Artzybasheff had a long career as an illustrator, beginning in the late 1920s with art deco style illustrations for books like Creatures, extending all the way through the 1950s. His most notable achievements are his cover illustrations for Time magazine, depicting a wide range of contemporary people in the news; and also his arresting images for magazine ads promoting Shell Oil, Xerox and Parker Pens.

Animation Resources is lucky to have a friend like Mike Fontanelli. His library of books on cartooning is one of the best in the country. Mike has agreed to share his collection with us. The first book he selected to loan us to be digitized is one of the rarest books in his collection… Artzybasheff’s "As I See". The first section of this book is titled "Neurotica" and it is a visual depiction of extreme states of mind.

Artzybasheff Neurotica

Artzybasheff Neurotica

Artzybasheff Neurotica
Anxiety

Artzybasheff Neurotica
Frustration

Artzybasheff Neurotica
Timidity

Artzybasheff Neurotica
Repressed Hostility

Artzybasheff Neurotica
Indecision

Artzybasheff Neurotica
Infantalism

Artzybasheff Neurotica
Paranoia

Artzybasheff Neurotica
Schizophrenia

Artzybasheff Neurotica
Inferiority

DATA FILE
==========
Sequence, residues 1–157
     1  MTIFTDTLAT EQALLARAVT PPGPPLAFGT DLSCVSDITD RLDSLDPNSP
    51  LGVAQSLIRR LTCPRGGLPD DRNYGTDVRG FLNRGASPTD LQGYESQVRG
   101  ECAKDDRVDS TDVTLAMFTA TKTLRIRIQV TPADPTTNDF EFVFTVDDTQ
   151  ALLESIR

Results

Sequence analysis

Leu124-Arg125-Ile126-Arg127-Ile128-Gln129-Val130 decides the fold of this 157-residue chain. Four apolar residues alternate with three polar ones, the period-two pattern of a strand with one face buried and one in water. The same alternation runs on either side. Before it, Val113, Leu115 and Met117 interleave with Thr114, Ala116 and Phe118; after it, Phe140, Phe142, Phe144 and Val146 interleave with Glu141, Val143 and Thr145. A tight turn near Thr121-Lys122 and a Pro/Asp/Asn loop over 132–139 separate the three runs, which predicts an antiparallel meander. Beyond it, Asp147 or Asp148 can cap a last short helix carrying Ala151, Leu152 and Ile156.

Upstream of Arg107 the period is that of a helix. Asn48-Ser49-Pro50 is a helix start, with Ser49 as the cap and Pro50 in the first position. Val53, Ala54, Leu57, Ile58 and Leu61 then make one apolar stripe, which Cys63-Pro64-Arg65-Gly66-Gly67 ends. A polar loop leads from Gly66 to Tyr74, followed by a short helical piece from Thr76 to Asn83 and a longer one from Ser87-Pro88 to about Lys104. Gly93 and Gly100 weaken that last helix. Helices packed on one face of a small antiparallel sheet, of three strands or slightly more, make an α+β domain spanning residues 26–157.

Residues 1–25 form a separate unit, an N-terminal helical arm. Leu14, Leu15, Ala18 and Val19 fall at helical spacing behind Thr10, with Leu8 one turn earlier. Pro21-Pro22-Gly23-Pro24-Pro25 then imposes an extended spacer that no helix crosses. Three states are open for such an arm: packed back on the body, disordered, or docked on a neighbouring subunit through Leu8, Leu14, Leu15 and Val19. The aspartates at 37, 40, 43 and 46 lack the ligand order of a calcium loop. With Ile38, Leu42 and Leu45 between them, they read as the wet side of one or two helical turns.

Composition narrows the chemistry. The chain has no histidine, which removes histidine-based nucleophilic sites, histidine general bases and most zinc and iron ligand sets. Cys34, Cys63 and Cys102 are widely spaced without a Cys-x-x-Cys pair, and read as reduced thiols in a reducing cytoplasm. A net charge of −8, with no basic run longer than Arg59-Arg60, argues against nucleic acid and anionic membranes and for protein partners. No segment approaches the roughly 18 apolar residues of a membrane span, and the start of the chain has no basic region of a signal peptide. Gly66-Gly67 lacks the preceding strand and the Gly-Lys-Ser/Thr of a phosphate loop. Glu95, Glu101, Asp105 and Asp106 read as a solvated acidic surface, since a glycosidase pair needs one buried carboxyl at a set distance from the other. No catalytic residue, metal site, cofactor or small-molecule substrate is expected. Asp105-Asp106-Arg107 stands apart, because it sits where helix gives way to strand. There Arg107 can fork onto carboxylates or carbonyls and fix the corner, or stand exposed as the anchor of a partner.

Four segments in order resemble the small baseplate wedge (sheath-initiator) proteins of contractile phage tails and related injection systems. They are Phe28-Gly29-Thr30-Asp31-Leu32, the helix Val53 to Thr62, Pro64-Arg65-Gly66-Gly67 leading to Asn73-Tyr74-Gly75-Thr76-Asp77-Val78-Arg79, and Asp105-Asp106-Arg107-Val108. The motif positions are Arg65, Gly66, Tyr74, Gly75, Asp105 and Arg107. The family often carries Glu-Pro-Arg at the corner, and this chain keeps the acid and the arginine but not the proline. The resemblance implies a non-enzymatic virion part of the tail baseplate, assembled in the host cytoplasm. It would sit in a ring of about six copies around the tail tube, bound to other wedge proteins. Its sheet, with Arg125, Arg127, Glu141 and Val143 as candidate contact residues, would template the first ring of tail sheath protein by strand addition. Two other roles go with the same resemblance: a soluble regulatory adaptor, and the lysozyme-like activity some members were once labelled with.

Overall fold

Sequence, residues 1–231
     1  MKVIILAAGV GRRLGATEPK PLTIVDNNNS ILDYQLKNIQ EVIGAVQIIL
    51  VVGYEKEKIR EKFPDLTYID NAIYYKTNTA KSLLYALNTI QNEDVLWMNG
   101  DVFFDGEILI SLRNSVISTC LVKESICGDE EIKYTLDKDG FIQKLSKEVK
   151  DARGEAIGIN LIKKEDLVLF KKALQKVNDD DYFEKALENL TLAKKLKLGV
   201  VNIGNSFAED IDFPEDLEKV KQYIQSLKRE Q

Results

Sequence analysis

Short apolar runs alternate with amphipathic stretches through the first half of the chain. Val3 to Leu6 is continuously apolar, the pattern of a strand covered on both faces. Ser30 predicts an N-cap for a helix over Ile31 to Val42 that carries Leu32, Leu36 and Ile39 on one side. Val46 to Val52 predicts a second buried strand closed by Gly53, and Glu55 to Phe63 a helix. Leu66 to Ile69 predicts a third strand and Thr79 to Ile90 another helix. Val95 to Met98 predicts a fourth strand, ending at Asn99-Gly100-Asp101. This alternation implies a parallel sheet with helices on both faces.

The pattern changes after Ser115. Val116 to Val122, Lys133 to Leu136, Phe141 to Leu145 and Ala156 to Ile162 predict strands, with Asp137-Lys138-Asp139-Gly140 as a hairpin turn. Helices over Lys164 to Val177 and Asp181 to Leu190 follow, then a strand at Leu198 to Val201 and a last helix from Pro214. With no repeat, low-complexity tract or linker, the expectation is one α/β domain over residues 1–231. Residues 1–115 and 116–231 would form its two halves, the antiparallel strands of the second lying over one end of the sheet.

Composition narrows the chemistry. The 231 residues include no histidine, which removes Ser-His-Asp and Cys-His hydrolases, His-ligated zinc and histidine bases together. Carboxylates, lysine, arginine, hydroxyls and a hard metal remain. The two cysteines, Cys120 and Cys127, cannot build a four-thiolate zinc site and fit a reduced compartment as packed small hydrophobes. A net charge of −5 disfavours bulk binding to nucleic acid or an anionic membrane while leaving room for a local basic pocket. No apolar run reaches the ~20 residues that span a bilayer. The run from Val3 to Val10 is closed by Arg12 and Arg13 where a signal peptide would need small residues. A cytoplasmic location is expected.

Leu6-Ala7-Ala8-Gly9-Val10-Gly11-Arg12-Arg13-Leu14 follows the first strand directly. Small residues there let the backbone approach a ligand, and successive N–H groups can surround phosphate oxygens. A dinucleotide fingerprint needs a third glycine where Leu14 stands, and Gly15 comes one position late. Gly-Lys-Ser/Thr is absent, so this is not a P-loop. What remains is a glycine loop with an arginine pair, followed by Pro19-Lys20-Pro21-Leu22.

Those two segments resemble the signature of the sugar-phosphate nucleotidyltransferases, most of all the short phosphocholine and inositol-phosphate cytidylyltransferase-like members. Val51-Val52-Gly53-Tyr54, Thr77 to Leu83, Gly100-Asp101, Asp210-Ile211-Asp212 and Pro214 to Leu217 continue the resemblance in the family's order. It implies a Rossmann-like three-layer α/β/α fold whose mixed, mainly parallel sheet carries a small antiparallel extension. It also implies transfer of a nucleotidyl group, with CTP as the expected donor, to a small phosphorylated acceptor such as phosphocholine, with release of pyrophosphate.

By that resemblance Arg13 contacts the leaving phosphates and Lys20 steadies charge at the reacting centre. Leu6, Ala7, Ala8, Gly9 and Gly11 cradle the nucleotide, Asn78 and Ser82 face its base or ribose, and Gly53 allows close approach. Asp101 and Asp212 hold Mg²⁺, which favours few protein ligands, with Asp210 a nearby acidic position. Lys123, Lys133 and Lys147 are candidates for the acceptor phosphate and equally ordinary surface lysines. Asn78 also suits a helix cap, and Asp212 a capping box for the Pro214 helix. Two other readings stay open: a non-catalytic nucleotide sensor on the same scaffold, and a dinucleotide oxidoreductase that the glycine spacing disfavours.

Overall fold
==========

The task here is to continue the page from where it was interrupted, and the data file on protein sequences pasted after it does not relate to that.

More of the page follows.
Artzybasheff Neurotica
So pure, and so relaxing

Artzybasheff Neurotica
Hypochondria

Artzybasheff Neurotica
Manic-Depressive

Stephen Worth
Director
Animation Resources

IllustrationIllustration

This posting is part of a series of articles comprising an online exhibit spotlighting Illustration.

Wednesday, July 10th, 2013

Illustration: Artzybasheff’s Machinalia

Artzybasheff Machinalia

In his introduction to the section titled "Machinalia" in his book As I See, Boris Artzybasheff says, "I am thrilled by machinery’s force, precision and willingness to work at any task, no matter how arduous or monotonous it may be. I would rather watch a thousand ton dredge dig a canal than see it done by a thousand spent slaves lashed into submission. I like machines."

Artzybasheff Machinalia

Making of Steel: Charging the Open Hearth

Artzybasheff Machinalia

Tapping a Heat of Steel

Artzybasheff Machinalia

Filling Ingot Molds

Artzybasheff Machinalia

The Soaking Pit

Artzybasheff Machinalia

The Blooming Pit

Artzybasheff Machinalia

The Rod Mill

Artzybasheff Machinalia

Hydraulic Press

Artzybasheff Machinalia

Stranding of Wire Rope

Artzybasheff Machinalia

Weaving of Fence Fabric

Artzybasheff Machinalia

Wire Drawing Machines

Artzybasheff Machinalia

Spring Forming Presses

Artzybasheff Machinalia

Wire Cloth Looms

Artzybasheff Machinalia

Navy’s Mark III Calculator

Artzybasheff Machinalia

Executive of the Future

Recently, I was asked by a visitor to the Archive what relevance half century old cartoons and magazine illustrations have to the current animation scene. Well, this question is best answered with an example… Look at these amazing designs by Boris Artzybasheff originally published in the 1950s, and look at this clip from Fleischer’s Lost & Foundry.. It doesn’t take a great deal of imagination to be able to picture what a sequence in a current CGI film would look like if it had designs like Artzybasheff’s and animation like the Fleischers’.


Lost and Foundry (Fleischer/1937) at YouTube

Stephen Worth
Director
Animation Resources

IllustrationIllustration

This posting is part of a series of articles comprising an online exhibit spotlighting Illustration.